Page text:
Really enjoy the creative imagination Robin Hobb. I'm a truck driver so I am always looking for a long story that keeps me intrigued. Excited that another trilogy follows because I love these characters.
Old Bear likes the honey
They are both equal.
There are so many memorable and fantastic characters in this story. My only gripe is that the antagonists are more one dimensional (but still believable). I would say Kettle is a fantastic and deep character.
Exploring the mountain trails is the best part of this book. Everything is so surreal from the city through the pillar to the stone garden and quarry.
There are some tearjerking moments in this one. The author is very skilled at creating real empathy for the characters.
If you enjoyed the first two in the trilogy I can see no reason why you wouldn't enjoy this one as well.
Overall this was a good read. It tied things up nicely. It didn't really leave me super satisfied though. The first is the best book in this trilogy, for sure.
Great conclusion of the Farseer Trilogy. Much that happens in this book is again mentioned in the Tawny Man and Fitz and the Fool Trilogies. Even the Liveship Traders and Rain Wild Chronicles have bits and characters in them so I recommend reading them in order even though it's not required. You can find the order on Wikipedia under Robin Hobbs bibliography. I did notice a few stumbles in the narrative, however the reading voice is consistent, expressive, and allows you to get wrapped up in the story. Overall a great conclusion to a fantastic trilogy.
I felt like Hobb got bored with the series and didn't put as much effort into this one as the other two. The story line rambled a bit, wandering in and out of relevancy.
I was not a fan of the narrator. He has an amazing reading voice but it was so very slow. I had to speed the play up to 1.5 speed, then it truly sounded like he was reading at a normal cadence.
Yes and no. The reader was great. Took me about 30 minutes to adapt after greats like Steven Pacey, but he was good...not as great, but very good.
The ending is very sad and in many ways unfulfilling to the life of the protagonist, but still great story telling....This is not where my issues lie.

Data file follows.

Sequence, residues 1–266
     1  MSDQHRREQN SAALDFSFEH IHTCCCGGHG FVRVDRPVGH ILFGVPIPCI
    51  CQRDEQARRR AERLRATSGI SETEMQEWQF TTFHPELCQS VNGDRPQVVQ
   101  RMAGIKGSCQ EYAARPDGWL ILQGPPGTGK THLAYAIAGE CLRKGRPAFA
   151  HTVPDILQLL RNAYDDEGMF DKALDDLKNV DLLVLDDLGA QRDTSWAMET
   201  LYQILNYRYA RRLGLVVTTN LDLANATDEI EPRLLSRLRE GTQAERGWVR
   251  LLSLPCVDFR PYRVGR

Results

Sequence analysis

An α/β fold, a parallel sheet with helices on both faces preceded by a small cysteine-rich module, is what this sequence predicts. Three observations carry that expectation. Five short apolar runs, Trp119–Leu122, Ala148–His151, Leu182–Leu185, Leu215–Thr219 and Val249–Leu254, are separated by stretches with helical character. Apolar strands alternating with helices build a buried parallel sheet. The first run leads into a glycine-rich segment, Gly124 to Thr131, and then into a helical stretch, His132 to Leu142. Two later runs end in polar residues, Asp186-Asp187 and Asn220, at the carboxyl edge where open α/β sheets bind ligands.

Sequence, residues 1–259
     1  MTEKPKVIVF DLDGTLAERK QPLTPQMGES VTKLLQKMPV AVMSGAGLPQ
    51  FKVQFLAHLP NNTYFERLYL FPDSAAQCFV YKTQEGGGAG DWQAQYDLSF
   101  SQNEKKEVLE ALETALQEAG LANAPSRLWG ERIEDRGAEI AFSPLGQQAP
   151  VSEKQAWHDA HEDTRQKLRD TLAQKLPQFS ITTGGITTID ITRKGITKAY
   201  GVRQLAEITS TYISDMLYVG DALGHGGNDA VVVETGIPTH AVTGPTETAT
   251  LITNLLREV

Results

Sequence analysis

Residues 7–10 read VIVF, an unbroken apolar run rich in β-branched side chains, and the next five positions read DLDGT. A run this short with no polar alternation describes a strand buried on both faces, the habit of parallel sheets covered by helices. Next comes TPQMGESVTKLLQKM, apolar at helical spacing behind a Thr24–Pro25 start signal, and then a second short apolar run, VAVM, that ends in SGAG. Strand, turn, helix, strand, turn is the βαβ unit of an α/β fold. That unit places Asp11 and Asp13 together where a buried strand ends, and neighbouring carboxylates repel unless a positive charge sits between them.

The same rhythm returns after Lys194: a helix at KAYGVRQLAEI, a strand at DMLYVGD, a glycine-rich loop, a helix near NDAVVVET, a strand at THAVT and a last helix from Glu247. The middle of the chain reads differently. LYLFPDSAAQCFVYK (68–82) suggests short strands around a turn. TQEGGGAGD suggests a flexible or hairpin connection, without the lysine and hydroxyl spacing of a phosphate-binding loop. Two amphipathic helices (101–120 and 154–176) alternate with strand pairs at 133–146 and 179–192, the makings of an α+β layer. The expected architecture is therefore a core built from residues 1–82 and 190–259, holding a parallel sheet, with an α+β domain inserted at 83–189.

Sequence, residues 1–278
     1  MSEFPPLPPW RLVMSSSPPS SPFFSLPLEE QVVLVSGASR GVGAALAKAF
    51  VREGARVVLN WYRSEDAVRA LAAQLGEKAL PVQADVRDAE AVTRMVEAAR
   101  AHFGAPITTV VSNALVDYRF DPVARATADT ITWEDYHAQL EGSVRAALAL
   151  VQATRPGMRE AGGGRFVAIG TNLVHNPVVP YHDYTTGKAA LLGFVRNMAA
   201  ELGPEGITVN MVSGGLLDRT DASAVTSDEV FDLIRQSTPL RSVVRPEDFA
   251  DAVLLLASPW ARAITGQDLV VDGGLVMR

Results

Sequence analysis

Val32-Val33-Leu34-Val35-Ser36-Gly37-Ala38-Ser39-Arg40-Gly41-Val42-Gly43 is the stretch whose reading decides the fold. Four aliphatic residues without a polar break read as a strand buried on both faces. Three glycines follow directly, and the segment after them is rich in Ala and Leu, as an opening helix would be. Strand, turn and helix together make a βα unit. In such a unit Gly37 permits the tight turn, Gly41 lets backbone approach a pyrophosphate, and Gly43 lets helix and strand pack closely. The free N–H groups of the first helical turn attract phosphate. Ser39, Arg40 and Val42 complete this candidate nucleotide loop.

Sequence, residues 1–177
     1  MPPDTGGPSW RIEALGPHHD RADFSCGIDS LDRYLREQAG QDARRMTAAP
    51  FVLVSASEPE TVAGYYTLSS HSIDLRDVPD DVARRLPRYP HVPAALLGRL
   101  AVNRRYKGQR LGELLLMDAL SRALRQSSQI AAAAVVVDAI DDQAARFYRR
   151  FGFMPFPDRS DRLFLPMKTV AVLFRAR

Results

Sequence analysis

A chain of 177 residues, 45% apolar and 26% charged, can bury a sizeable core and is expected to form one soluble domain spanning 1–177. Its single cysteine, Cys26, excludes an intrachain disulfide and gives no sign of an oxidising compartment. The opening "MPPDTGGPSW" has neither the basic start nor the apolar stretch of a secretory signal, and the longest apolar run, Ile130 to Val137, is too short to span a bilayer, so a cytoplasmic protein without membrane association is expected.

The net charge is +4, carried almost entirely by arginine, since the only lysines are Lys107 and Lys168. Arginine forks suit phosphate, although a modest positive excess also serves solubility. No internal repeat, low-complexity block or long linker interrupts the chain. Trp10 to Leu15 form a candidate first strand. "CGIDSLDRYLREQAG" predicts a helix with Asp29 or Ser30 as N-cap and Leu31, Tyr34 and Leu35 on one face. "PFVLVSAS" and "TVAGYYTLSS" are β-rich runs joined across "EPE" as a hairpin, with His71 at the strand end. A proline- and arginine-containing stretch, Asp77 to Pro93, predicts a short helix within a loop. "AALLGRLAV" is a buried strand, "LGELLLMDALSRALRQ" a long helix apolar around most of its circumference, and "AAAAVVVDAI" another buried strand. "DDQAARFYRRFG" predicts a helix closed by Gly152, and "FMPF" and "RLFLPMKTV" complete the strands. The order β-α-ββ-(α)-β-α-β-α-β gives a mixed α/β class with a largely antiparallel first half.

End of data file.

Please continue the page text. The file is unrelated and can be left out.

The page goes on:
The incomprehensible ability for the reader (or listener) to know what is happening when the characters do not is damn right frustrating. It is just too obvious. I understand how it can happen in books, but this was just too obvious.Also, some SERIOUS discrepancies in what the characters first said they felt/thought, then what later they stated was what they said/felt/thought....Just because it is a new book doesn't change what they had previously said/had been written!
Constantly waiting for action - you will feel the drain of the day loooong loooong before the action you desire occurs. The grueling day lasts forever before the action you were waiting for occurs. And then when it happens, it is in no way Joe Abercrombie detailed engaged fighting. It is fast action, lacking in full explicit details of the occurrence. This is a constant lack in Hobb's writing. Prolonged days, excessively fast end to day with critical action with insufficient detail.
The constant fatigue you feel is overwhelming...partly the reader, but mostly, the writer. The character is constantly running on adrenaline....or other things...and to hear this constant reference of fatigue for 40+ hours of audiobook....draining. The people that listen to audiobooks don't need reminders of how freaking tired they are, all the time.
Food references are monotone. That's one of the many things I love about GRRM, and probably why he got a cookbook out of his books. Diversity in the food. It doesn't always have to be the same meal described exactly the same way, every meal.
Overall, fantastic story telling. She has a knack for a good story. Sour execution in the way questions that are obvious weren't asked. This continues in her later series as does the infinite wait for action as we mull over the mundane details that drag on forever. I hope for better resolve, description, timing and character awareness in her future book.
The pace of the story can drag out at times with no real purpose to the over all plot. The book picks up at the end but not enough to fully recommend this book.
As with most book series the first book starts off a little slow but builds quite nicely. Then ending of the 1st and second keep you hooked. The ending here was little disappointing for me but apparently there's another book although the reviews are scathing as their is a new narrator. Narration is good and consistent for the first 3 books. Worth a listen if you like fantasy series.
So you've read the first two books of The Assassin's Apprentice and you come to the third. But this tome is an epic in its own right. And Fitz has the most insecure inner dialogue of any male ever. So Hobb narrates every step of every mile while Fitz worries and worries and the wolf provides the only wisdom. Meantime a pretty good story is told until the end. But the end is an afterthought only, as if, once Fitz settles his mind, nothing much matters and the story is finished in broad strokes quickly.
Narration is rich with expression, but often inaccurate reads left me translating. All in all, entertaining but not quite masterful.
Good enough for me to pursue more in the series, though.